Former World Champion Garry Kasparov has been busy with his campaign for FIDE President having recently finished an Asian tour and an African tour. The Asian tour occurred during the World Chess Championship in November and the latter covered a number of countries in Africa to augment the seven-country African tour last summer (included Kenya, Uganda, Rwanda, Malawi, Zimbabwe, Zambia and South Africa). Kasparov visited Senegal, Ivory Coast, Ghana and Nigeria and was well-received.
Kasparov posed an interesting question about the future of African chess… “When will we see the first African world chess champion? If we begin big training push now?” Interestingly enough, Africa (West Africa in particular) has had a champion in another board game. The region boasts some of the world’s strongest draughts players… most notably francophone countries such as Ivory Coast and Senegal. In fact, Senegal has even produced the legendary Baba Sy, who was 1963-64 World Champion. If this is the case, there is no reason that West Africa cannot produce a vibrant chess culture.
When will we see the first African world chess champion? If we begin big training push now?
~A question Kasparov posed to each country on the African tour
Kasparov expressed optimism after his trip and was seemingly impressed at the reception. Despite the success, his visit ignited controversy. The presidents of three federations (Nigeria, Senegal, Ghana) have written a declaration as a sign of support for “Kasparov2014” while condemning what they see as “Good Old Way Of Doing Business” from Kirsan Ilyumzhinov. The declaration was in a rather sharp style and rebuked the pattern of campaign politics. It read,
Over the course of the last several weeks, we have been approached, like many of our neighboring African chess federations, and requested to either host or participate in “visits to our countries” by Mr. Kirsan Ilyumzhinov, President of FIDE since November 1995. Almost everywhere, such visits are being officially presented as the occasion to launch “Chess in Schools Programs” in the countries being visited. In actual fact, these visits are being used to exert significant political and financial pressures on the local chess federation Presidents to cast their votes for Mr. Ilyumzhinov, who will be running for his fifth term as FIDE President in the 2014 FIDE elections.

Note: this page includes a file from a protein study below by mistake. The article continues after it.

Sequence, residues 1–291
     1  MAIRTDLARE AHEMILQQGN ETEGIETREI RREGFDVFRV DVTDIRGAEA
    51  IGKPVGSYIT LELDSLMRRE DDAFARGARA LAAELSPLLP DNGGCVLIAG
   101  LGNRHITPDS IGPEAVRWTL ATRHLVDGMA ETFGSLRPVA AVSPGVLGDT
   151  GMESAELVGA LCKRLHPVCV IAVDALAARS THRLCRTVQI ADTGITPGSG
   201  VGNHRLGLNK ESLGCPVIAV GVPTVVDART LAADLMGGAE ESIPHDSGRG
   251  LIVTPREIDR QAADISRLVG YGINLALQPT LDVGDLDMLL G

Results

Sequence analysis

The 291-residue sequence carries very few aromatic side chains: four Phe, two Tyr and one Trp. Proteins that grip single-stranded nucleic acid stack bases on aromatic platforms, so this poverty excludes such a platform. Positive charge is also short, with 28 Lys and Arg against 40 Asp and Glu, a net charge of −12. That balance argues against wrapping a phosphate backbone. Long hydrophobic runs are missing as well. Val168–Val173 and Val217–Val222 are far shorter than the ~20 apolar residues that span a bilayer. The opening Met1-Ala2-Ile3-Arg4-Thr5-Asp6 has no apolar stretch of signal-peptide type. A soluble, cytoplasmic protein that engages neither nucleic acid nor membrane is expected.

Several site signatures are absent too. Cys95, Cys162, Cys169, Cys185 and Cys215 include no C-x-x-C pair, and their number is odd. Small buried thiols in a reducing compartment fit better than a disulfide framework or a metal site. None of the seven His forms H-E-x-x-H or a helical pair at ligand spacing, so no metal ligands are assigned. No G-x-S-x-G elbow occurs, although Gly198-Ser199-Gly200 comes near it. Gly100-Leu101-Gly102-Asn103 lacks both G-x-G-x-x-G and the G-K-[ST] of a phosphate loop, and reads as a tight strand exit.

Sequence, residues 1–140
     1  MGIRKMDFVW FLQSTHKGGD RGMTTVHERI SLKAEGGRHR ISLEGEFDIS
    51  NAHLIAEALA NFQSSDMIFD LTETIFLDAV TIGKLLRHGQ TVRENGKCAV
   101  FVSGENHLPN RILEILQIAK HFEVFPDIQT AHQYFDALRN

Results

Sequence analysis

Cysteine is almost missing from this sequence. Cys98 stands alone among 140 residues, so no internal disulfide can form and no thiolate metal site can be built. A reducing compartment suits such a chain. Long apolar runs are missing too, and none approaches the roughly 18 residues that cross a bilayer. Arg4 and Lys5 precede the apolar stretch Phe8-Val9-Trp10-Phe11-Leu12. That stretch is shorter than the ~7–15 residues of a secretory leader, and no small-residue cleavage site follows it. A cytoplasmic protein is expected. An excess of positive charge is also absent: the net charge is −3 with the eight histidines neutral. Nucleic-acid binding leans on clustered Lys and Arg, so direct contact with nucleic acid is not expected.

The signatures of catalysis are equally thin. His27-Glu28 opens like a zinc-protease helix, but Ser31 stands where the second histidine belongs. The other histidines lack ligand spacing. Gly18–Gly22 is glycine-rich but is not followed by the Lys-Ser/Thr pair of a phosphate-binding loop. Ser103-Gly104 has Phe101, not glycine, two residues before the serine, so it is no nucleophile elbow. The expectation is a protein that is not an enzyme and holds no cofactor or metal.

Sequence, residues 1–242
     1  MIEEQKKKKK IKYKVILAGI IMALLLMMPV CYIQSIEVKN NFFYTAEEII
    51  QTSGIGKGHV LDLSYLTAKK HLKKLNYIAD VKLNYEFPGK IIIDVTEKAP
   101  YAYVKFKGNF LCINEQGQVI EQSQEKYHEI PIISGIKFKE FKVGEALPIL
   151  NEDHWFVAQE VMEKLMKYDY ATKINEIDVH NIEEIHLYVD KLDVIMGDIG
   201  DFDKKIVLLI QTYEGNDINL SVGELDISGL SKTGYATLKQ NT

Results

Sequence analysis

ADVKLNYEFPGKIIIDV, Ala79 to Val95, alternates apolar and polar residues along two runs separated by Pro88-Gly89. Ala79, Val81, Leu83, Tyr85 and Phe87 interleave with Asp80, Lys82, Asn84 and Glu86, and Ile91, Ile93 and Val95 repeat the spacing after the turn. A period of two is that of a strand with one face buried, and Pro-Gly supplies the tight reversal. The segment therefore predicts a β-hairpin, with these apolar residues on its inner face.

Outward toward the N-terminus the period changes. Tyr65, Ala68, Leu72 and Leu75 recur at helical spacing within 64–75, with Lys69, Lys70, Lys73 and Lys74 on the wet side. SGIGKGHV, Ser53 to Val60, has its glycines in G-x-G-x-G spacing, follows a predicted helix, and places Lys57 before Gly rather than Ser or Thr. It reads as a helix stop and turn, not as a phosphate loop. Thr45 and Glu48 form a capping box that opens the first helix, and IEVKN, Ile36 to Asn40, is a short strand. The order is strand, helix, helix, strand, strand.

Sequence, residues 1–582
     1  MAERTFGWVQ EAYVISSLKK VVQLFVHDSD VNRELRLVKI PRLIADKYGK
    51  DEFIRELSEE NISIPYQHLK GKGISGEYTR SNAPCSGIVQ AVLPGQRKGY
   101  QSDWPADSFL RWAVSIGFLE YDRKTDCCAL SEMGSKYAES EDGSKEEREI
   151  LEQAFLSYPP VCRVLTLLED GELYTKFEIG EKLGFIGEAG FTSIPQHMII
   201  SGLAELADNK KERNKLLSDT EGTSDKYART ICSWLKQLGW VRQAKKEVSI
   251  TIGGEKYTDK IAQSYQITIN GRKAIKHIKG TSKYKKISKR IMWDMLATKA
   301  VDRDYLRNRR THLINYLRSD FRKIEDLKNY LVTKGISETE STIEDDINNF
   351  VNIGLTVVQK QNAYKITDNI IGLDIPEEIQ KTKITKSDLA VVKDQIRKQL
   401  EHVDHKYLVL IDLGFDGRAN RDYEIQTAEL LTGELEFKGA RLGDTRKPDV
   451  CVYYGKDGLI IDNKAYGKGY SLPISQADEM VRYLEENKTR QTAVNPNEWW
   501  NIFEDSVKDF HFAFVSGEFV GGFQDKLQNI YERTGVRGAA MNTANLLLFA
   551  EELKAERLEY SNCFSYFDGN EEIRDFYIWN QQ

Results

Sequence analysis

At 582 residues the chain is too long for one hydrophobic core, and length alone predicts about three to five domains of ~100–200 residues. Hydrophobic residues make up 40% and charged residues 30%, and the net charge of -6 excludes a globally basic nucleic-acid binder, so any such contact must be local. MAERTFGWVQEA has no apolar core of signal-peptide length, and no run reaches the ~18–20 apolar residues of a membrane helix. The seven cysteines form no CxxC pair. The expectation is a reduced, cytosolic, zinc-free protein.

As members of a new generation of African leaders and managers, we believe that these campaign strategies and tactics are illustrative of the “Good Old Way Of Doing Business” (GOWODB) with Africa’s governments, and with its public, private and civil society organizations. We believe in particular that the GOWODB is based on a concept of “Elections in Africa” which is not only insulting and demeaning for all Africans, but also totally out of touch with the vibrant reality of our continent which has engaged in an irreversible process of political transformation and economic development.
This declaration could have tremendous repercussions on the election and Ilyumzhinov’s campaign staff will certainly scramble to right the ship. In previous years, Ilyumzhinov has had some success in Africa despite a fierce battle against Bessel Kok in 2006 and Anatoly Karpov in 2010. However, it appears that Kasparov is taking a more measured approach and has many qualities missing in the previous candidates.
Kasparov welcomed in the Ivory Coast, a country traditionally strong in draughts. Joel Atse won the blitz gold medal in draughts at the World Mind Sport Games in China. Perhaps there is room for chess!
Kasparov addresses students at Queen’s International School in Ghana.
Members of the Ghana Chess Association
After the tour, three West Africans released the aforementioned declaration (dated 17 February 2014) showing support for Garry Kasparov. Signatories to the declaration were: Mr. Adeyemi OLALEKAN, President – Nigeria Chess Federation, Dr. Essoh Jean Mathieu Claude ESSIS, President – Federation Ivoirienne des Echecs, Mr. George Kweku ARKO-DADZIE, President – Ghana Chess Association. This show of solidarity may set the tone of an election where stakes are increasingly high.